Writing About My Synthesis
The final step after you've read an article, understood new concepts, and synthesized them is to share your new ideas. It can be helpful to keep track of your thoughts with a synthesis matrix. Watch this video on writing about your synthesis, and then complete the synthesis matrix activity.
Synthesizing Your Ideas
- To combine what the experts are saying with what you already know
- To offer your own ideas
As you enter into your program of study, one thing you'll find is that your professors want to know what YOU think. The professor has done the reading and knows what the experts are saying about a topic, but what ideas do you bring to the table? This is where synthesis comes in.
When we synthesize, we think about what we already know. How did a reading add to or change your previous ideas? Did it remind you of anything? We combine what experts say with what we already know.
Synthesis is also used to offer our own ideas. A reading may support something you already knew about. It could add to your prior knowledge. When we read for knowledge we are impacting our own ideas and growing our understanding of a topic.
- Breaking ideas into pieces
- Helpful for understanding individual concepts in an article
Often when reading for knowledge, we analyze ideas or break them into pieces. This makes it easier to understand individual concepts in an article, especially if it's very complicated.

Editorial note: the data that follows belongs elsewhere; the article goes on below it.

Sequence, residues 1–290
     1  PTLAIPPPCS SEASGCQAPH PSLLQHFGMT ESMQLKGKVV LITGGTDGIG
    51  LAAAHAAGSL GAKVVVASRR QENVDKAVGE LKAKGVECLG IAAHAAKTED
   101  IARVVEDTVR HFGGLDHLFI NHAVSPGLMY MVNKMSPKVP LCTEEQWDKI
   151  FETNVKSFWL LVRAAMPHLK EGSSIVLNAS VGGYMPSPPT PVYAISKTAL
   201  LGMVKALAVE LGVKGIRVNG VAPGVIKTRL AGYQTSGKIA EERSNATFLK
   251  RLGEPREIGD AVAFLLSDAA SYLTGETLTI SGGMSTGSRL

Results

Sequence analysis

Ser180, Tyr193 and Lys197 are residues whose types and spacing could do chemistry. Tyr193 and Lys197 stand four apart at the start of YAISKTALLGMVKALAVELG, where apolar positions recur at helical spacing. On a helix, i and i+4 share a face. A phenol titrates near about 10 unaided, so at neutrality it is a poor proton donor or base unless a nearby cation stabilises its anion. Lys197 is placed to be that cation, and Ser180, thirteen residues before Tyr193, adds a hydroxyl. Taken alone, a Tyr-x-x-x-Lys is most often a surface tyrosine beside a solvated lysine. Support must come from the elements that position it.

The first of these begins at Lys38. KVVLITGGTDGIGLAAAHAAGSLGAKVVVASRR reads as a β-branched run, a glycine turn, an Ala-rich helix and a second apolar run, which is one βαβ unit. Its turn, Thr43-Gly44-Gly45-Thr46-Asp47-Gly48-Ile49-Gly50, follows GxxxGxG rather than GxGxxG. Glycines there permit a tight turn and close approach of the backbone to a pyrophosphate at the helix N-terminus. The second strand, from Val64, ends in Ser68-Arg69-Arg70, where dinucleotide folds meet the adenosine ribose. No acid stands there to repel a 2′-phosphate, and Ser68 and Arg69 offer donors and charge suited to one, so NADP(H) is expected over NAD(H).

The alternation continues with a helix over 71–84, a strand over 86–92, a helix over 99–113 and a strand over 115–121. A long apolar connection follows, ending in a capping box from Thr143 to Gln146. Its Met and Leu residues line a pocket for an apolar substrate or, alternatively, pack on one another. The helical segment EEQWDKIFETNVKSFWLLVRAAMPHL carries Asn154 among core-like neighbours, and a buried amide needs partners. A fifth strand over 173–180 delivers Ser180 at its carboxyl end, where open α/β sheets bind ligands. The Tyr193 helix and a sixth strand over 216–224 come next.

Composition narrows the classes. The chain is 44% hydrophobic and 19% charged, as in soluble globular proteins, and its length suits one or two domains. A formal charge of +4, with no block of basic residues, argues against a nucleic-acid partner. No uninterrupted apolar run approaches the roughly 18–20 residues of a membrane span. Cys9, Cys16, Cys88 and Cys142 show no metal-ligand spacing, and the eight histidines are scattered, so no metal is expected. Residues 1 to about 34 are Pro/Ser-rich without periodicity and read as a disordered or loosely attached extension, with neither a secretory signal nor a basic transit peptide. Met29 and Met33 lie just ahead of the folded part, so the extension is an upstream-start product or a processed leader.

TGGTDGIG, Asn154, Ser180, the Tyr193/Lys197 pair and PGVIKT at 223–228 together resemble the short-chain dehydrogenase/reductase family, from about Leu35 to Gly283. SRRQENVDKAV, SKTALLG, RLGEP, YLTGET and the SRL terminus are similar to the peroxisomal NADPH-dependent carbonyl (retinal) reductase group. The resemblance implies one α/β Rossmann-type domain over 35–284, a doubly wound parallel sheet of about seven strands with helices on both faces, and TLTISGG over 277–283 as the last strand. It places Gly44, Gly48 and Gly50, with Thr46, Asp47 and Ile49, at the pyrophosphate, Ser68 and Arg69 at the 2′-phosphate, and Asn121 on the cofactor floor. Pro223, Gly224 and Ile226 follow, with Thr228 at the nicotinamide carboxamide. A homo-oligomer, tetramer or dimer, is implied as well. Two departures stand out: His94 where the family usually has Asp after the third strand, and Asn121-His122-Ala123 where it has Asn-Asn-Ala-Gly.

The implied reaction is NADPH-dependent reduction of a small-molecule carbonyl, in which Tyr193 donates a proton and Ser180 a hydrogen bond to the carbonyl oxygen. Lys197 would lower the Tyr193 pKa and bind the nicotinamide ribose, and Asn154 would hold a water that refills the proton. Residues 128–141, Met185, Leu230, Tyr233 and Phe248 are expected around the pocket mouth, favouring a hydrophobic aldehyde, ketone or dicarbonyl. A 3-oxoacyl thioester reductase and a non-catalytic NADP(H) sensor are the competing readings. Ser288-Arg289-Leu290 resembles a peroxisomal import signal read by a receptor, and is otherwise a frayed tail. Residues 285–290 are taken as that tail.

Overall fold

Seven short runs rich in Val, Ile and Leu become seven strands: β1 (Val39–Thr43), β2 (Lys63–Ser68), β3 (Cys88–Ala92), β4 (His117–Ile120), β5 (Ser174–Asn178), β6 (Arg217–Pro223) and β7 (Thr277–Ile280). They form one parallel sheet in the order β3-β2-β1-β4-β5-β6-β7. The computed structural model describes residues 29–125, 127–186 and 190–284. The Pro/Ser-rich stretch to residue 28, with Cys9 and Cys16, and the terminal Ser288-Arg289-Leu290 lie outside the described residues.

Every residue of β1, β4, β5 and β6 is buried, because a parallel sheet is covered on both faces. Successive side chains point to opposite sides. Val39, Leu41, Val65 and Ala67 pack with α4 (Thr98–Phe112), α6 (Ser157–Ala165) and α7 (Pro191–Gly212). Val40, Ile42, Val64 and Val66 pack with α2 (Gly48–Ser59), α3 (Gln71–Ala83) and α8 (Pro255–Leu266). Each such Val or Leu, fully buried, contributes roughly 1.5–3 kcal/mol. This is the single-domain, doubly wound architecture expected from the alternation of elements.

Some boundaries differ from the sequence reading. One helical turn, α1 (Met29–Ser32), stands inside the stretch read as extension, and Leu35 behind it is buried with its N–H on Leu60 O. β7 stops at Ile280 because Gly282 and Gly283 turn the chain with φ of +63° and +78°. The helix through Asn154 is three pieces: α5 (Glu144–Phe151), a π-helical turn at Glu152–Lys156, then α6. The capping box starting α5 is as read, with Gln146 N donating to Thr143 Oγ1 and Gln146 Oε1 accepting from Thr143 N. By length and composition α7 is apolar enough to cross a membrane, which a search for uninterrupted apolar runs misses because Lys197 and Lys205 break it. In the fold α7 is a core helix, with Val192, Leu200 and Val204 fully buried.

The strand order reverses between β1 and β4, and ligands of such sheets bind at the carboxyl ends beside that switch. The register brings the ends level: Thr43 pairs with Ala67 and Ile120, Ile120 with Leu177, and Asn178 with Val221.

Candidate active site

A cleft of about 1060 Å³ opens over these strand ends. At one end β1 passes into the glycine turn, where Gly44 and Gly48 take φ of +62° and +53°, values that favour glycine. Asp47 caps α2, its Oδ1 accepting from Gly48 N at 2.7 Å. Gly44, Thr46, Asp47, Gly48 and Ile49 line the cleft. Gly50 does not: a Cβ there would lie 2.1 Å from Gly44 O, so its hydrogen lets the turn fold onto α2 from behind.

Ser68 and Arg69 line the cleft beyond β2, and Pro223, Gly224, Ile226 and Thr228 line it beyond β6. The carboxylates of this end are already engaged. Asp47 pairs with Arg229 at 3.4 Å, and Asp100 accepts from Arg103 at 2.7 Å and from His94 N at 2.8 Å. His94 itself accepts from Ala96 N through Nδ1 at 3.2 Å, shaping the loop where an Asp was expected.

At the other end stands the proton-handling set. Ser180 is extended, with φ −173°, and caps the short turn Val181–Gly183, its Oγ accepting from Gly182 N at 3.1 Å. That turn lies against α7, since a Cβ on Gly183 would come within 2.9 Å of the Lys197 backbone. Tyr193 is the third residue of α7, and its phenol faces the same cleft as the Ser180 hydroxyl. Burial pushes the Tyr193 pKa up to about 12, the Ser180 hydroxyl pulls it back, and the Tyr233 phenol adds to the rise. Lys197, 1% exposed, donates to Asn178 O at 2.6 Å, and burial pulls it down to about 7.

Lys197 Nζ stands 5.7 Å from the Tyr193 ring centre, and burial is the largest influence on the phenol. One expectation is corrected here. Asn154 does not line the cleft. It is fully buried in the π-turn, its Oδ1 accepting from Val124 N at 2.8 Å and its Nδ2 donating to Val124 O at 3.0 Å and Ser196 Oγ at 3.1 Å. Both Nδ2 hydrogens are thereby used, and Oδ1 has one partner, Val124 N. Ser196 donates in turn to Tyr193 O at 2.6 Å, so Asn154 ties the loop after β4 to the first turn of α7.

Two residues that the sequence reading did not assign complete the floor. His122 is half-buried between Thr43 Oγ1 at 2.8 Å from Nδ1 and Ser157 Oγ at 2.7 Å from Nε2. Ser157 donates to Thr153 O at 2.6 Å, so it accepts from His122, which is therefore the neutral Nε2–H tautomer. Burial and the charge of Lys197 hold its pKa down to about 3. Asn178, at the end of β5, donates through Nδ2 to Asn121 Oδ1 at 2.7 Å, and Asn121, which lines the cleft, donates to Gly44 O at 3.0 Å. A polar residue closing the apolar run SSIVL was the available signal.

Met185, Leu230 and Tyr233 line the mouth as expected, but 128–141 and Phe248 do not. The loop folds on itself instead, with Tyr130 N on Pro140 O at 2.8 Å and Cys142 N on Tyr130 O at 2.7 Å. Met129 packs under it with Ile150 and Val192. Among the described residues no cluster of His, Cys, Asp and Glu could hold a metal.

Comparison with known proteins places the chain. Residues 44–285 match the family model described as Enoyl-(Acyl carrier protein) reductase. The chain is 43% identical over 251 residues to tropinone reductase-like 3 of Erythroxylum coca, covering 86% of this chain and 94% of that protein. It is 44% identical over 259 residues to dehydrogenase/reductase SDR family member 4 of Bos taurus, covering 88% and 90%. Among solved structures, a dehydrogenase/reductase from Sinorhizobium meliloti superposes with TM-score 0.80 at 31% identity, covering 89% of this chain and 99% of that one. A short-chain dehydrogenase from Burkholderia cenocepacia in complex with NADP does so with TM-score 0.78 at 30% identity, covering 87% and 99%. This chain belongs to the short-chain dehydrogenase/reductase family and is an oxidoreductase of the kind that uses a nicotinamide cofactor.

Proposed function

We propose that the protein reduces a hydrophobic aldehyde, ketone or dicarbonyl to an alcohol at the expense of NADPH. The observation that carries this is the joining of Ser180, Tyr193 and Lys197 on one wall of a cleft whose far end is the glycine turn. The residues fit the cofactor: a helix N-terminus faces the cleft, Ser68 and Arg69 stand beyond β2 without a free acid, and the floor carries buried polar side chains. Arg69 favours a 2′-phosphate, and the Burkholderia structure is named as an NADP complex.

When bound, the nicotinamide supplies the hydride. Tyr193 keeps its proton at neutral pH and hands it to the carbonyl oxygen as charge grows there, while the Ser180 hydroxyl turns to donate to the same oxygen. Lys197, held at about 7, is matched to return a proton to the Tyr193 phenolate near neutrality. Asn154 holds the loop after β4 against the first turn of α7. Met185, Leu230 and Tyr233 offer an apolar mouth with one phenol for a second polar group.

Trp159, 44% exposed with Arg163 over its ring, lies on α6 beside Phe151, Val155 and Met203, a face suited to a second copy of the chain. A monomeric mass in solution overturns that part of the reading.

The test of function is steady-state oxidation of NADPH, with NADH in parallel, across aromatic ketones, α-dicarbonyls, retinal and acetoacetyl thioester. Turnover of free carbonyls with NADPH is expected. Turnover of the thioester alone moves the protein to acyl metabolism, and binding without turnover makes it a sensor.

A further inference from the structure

When you analyze an article, you might ask what messages the author is trying to send or what the author's purpose is. You might look at where the author found their information and how they back up their ideas.
Breaking ideas apart is great, but you also need to bring them together with other ideas.
Analysis pulled the pieces apart → Synthesis puts the pieces together
- What else do you know about this topic?
- Can you add to the ideas in the article?
We do this through synthesis. As analysis pulls pieces apart, synthesis brings them together. As you synthesize, think about what you know about the topic. What prior knowledge did you have before reading? Did you learn something similar in another class? Have you heard people talking about the topic? Can you add anything to the ideas from the article?
This is a synthesis matrix. It's a simple table that can help you organize your ideas and see where your ideas and the ideas from an article come together. To complete the synthesis matrix, first fill concepts about this topic under "Concept #1", "Concept #2", and "Concept #3". If an article is complicated, you may have more than 3 ideas. In that case, go ahead and add more columns as needed. Next, add your ideas about each concept, and then add the writer's ideas from the article. Do you see them overlapping? If so, where? If not, why do you think the ideas are different? Ideas do not need to be the same, and this matrix can show you where ideas are coming together or not.
This activity asks you to read three passages and then synthesize them:
Source: Excelsior Online Writing Lab, https://owl.excelsior.edu/orc/what-to-do-after-reading/synthesizing/synthesizing-activity-2/, and Saylor Academy
This work is licensed under a Creative Commons Attribution 4.0 License.